April 26, 2019
A couple living in the Princeton, N.J. suburbs originally bought their home for its proximity to Manhattan, its close-knit community and the forest view in the backyard. Over the years, their home became a weekend getaway for friends living full-time in the city looking for a peaceful retreat. However, the homeowners were beginning to outgrow the house with their collection of heritage Asian art and their love of entertaining large groups of people.
Homes in the surrounding areas paled in comparison to the existing home’s location and original character, so the couple turned to the team at Lawrenceville, N.J.-based Princeton Design Collaborative to add a second floor and transform their home into a modern refuge.
A Challenging Modern Kitchen
The existing kitchen was small and cramped, so it was vital to the homeowners that the new space was conducive to entertaining and feeding a crowd. They also felt strongly about adhering to the home’s original mid-century style.
“With family visiting often and the enjoyment they get from entertaining friends, we knew the key to success was in the planning,” said John Conroy, principal and founding partner of Princeton Design Collaborative.
To make the kitchen as large and open as possible, the team completely reconfigured the first floor and combined the kitchen with the dining room, creating a long linear space in the back of the house. Several bedrooms were relocated to the new upstairs; the two bedrooms on the first floor were eliminated and became part of the new living and dining space, and the original master suite became a guestroom.
On either side of the working kitchen are spaces for dining; all of which face the views out the backyard. A large island with seating for six also provides for additional entertaining.
Cabinet layout and design was crucial for this high-functioning kitchen, so the firm worked with custom cabinet manufacturer and designer Andrew Tucker of Trenton, N.J.-based Tucker Distinctive Kitchens on this space. Since the clients wanted a distinctly mid-century modern look, precision was key.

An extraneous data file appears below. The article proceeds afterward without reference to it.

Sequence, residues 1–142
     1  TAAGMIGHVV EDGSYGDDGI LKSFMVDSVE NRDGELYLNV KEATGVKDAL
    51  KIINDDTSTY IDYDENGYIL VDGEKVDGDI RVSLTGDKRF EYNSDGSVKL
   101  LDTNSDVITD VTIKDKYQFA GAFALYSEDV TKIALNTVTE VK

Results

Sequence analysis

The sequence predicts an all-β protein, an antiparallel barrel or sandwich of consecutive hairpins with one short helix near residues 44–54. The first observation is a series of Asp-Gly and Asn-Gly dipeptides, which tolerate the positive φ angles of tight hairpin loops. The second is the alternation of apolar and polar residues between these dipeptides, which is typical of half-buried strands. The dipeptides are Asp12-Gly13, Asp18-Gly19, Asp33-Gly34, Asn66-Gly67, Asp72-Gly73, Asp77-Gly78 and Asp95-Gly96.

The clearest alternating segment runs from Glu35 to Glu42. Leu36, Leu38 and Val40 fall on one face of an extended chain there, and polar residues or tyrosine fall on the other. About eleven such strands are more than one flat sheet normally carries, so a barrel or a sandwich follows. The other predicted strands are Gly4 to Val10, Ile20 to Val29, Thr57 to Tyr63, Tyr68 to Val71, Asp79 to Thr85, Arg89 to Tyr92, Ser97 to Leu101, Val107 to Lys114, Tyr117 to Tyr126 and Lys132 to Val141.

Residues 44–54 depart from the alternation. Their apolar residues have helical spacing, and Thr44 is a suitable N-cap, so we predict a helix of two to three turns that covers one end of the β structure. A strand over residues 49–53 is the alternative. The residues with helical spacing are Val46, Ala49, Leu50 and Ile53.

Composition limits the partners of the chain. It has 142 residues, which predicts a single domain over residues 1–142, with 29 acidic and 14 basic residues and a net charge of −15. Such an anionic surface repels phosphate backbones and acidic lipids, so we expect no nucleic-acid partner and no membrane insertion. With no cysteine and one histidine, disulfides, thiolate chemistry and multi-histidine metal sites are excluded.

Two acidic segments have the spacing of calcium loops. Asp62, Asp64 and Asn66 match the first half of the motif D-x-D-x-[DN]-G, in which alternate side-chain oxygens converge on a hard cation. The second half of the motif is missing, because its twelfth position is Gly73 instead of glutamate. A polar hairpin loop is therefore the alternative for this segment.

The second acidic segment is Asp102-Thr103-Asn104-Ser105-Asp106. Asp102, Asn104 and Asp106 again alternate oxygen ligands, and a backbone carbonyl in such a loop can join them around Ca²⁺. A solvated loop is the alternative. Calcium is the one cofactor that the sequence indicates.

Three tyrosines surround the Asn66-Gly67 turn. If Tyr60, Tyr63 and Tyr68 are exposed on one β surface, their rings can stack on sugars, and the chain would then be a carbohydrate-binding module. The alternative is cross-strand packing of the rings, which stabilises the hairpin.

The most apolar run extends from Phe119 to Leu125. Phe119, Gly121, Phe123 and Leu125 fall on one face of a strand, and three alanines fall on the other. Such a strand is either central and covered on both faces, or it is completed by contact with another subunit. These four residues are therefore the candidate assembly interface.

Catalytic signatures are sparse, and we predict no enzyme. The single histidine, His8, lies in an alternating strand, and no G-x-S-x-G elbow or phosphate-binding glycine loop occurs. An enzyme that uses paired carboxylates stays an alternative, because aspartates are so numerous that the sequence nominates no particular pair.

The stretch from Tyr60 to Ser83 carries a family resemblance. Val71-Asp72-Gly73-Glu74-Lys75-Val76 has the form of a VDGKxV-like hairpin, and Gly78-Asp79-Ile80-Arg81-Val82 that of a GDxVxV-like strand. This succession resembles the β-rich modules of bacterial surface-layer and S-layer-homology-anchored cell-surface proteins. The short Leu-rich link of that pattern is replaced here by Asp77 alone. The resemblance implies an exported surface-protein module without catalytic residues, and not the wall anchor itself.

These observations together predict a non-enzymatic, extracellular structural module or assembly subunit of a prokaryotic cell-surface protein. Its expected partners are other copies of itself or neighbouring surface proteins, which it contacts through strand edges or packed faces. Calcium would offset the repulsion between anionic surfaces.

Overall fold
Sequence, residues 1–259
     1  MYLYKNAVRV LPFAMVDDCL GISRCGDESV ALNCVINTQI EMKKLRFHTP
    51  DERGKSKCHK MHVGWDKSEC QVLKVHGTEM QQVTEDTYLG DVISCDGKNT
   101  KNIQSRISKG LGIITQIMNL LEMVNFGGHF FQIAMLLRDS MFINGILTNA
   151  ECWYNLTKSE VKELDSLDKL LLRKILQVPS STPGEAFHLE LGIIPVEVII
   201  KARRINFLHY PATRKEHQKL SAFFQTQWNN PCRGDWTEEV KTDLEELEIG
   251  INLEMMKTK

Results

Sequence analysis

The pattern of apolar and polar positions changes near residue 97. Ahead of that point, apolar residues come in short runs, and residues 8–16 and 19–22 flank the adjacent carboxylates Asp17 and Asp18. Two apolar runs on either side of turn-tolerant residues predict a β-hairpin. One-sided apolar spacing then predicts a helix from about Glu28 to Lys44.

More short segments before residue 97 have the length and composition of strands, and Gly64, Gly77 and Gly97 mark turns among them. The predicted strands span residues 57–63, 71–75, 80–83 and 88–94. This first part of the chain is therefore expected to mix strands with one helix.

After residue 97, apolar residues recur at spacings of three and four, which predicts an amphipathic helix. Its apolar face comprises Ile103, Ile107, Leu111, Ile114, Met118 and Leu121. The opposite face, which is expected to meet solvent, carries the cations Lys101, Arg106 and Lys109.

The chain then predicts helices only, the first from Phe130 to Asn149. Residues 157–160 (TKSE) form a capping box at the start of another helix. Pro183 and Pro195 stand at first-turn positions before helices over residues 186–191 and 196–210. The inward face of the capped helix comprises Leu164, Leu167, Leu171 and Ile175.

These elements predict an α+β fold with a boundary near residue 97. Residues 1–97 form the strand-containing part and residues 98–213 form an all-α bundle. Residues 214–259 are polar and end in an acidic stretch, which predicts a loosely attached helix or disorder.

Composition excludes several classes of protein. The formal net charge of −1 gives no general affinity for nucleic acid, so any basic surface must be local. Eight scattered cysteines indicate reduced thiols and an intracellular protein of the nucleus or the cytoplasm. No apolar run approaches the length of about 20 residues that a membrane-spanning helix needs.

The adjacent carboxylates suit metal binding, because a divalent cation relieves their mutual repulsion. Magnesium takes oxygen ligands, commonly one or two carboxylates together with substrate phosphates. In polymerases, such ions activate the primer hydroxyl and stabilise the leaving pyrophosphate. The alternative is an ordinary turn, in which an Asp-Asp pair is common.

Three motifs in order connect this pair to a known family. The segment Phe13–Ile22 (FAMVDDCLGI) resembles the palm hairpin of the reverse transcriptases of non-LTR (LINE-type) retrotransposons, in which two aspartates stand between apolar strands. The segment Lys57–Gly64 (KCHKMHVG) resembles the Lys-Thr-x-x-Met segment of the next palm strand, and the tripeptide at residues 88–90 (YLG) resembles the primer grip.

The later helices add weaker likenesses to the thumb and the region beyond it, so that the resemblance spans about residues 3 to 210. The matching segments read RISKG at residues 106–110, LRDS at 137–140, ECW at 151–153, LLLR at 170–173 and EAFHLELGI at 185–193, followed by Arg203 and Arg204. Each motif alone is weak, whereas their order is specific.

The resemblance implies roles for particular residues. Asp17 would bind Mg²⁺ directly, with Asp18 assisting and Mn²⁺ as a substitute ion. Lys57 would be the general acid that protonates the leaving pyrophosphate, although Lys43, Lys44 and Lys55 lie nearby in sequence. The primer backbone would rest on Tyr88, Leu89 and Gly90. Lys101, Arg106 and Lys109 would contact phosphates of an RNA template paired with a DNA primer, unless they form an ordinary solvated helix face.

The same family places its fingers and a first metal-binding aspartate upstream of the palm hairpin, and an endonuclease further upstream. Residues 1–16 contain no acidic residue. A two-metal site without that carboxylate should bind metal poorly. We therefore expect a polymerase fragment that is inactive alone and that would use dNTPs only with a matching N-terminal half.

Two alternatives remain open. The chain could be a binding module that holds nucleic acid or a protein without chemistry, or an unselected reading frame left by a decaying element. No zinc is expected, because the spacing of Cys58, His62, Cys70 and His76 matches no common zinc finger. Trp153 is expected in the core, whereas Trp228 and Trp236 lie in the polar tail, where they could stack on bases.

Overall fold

“A clean, modern aesthetic is more difficult to achieve than traditional design,” said Tucker, explaining that features like crown moldings in traditional projects help disguise uneven angles.
Using Euro-style cabinetry, they laid out a streamlined space with glossy, white-painted, handle-less cabinetry around the perimeter. Glass upper cabinets with interior steel frames break up the white, and white quartz countertops set off the stone mosaic backsplash in a herringbone pattern. The suite of appliances includes a column refrigerator, convection stove top, double ovens and two paneled dishwashers that blend with the cabinetry. One conventional appliance, however, is missing.
“When we initially sat down with the clients, we discussed their interest in not having a freezer,” said Tucker, explaining that the clients only ever cook with fresh ingredients. “Instead, we gave them a larger refrigerator and installed it with trim to give them a more built-in look without the price.”
The powder room on the first floor needed to also cater to entertaining, and the clients hoped it would additionally reflect their Asian-American heritage. To do this, the team outfitted the space with a tactile pebble tile floor and blue mosaic tile backsplash that covers the entire wall behind the sink and the toilet.
“This backsplash mosaic is made in large-format tile, so it lays out very quickly and is economical,” said Conroy, adding that it has a subtle Asian feel to it. “The pebble tile floor we chose for its a beachy, South Asian look.”
The new master bath upstairs also has hints of Asian design combined with mid-century modern architecture. Situated in the front of the home under a characteristic butterfly roof and featuring story windows, the new suite fits into the original architecture but has several advantages over the original cramped master.
A walk-in shower was created along the back wall and offers views out the classic story windows, which is more than a step up from the originally tight and uncomfortable master shower. The space also boasts modern plumbing and a light gray tile for a Zen-like, modern appeal. Now with a floating double vanity, LED lighting and a toilet enclosed in a separate water closet, this master suite invites the couple to spend time there.
“These clients were succinct in what they wanted, and they allowed us to fly with it, and that’s why it became so successful,” said Conroy.
Architect: John Conroy, Princeton Design Collaborative
Designer: Andrew Tucker, Tucker Distinctive Kitchens
Cabinetry: Custom by Tucker Distinctive Kitchens
Backsplash Tile, Countertops & Floor Tile: Porcelanosa
Countertops & Tile: Porcelanosa
Faucets & Shower Fixtures: Grohe